7. Monitoring system as claimed in claim 1, wherein said first filtering means comprises: a first filter selectively transmitting the frequency of said signal and the frequency of said signal modified by the Doppler efiect, a mixer having two inputs coupled to the output of said first filter and a second filter connected to the output of said mixer for selectively transmitting said first Doppler frequency.
8. Monitoring system as claimed in claim 1, wherein said frequency comparator means comprises two frequency multiplier circuits, a mixer having first and second inputs respectively connected to the outputs of said multiplier circuits, and a frequency discriminator connected to the output of said mixer.
9. A controlled frequency signal generator embodying a frequency monitoring system as claimed in claim 1, said signal generator comprising a radio electric oscillator and a quantum oscillator said oscillators respectively feeding said first and second inputs one of said oscillators having a frequency tuning input coupled to the output of said frequency comparator means said other oscillator having an output delivering a waveform of controlled frequency.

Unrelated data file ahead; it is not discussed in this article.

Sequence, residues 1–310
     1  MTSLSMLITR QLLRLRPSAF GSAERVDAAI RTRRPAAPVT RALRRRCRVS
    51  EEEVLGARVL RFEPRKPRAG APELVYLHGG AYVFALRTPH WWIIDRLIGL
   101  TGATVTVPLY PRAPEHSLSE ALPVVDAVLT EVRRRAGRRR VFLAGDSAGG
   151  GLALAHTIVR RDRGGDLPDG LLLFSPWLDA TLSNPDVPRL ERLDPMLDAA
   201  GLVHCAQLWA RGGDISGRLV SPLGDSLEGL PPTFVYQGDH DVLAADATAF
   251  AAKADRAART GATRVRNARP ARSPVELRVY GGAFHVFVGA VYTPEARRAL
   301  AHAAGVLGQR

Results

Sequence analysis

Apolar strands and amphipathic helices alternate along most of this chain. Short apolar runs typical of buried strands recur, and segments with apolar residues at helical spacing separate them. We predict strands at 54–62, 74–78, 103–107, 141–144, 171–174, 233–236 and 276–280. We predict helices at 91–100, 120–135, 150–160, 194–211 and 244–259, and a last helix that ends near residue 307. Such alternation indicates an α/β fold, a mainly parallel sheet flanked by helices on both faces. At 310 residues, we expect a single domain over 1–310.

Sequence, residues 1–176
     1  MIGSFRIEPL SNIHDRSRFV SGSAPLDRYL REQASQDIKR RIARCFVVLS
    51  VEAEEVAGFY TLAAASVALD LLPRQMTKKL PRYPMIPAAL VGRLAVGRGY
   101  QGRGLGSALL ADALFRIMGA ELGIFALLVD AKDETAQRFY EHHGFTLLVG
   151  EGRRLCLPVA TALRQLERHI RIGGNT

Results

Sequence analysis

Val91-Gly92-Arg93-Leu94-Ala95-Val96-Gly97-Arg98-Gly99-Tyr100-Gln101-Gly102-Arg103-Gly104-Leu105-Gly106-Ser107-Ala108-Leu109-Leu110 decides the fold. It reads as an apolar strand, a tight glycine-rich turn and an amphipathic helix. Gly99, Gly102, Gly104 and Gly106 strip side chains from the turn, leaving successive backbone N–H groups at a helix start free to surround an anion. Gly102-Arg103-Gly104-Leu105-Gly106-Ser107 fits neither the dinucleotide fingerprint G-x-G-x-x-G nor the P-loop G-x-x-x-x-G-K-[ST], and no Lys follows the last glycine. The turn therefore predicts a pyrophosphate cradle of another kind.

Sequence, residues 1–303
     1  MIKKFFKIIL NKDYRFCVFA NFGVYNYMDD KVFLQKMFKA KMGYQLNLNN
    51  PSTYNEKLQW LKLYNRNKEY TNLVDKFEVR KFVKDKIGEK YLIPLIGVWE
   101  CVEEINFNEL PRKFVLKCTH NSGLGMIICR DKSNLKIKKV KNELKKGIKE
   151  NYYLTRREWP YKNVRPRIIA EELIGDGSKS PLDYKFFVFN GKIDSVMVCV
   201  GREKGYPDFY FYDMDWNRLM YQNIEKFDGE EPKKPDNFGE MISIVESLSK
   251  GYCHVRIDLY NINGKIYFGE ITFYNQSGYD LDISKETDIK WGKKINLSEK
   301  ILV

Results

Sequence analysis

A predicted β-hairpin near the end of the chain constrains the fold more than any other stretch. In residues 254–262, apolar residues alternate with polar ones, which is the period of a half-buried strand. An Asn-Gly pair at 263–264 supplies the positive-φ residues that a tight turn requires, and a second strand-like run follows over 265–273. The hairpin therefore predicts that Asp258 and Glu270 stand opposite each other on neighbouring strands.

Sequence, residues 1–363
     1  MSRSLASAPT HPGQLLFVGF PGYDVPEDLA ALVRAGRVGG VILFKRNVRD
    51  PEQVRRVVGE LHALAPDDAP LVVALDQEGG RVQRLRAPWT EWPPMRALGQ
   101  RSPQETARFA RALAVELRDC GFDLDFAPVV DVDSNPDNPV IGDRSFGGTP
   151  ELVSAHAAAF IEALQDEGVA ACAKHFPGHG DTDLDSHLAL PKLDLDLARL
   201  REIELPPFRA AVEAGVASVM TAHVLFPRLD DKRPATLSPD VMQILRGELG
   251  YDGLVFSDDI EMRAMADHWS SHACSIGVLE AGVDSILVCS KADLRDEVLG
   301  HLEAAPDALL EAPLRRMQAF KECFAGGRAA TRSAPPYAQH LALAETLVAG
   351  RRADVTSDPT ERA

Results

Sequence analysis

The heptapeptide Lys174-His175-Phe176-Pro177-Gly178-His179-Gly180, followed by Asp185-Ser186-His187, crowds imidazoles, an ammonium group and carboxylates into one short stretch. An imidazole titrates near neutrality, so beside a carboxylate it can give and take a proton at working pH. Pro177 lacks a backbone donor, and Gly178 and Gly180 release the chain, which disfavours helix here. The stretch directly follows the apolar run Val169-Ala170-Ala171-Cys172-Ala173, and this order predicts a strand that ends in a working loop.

10. A signal generator as claimed in claim 9, wherein said radio electric and quantum oscillators are respectively a stable crystal controlled clock and a laser said laser having an optical cavity and an electromechanical transducer for tuning said cavity.
11. A signal generator as claimed in claim 9, wherein said radio electric and quantum oscillators are respectively a tuned oscillator and a frequency stabilized laser said tuned oscillator including a variable reactance tuning element.
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|U.S. Classification||356/28, 356/484|
|International Classification||H01S3/13, H01S3/139|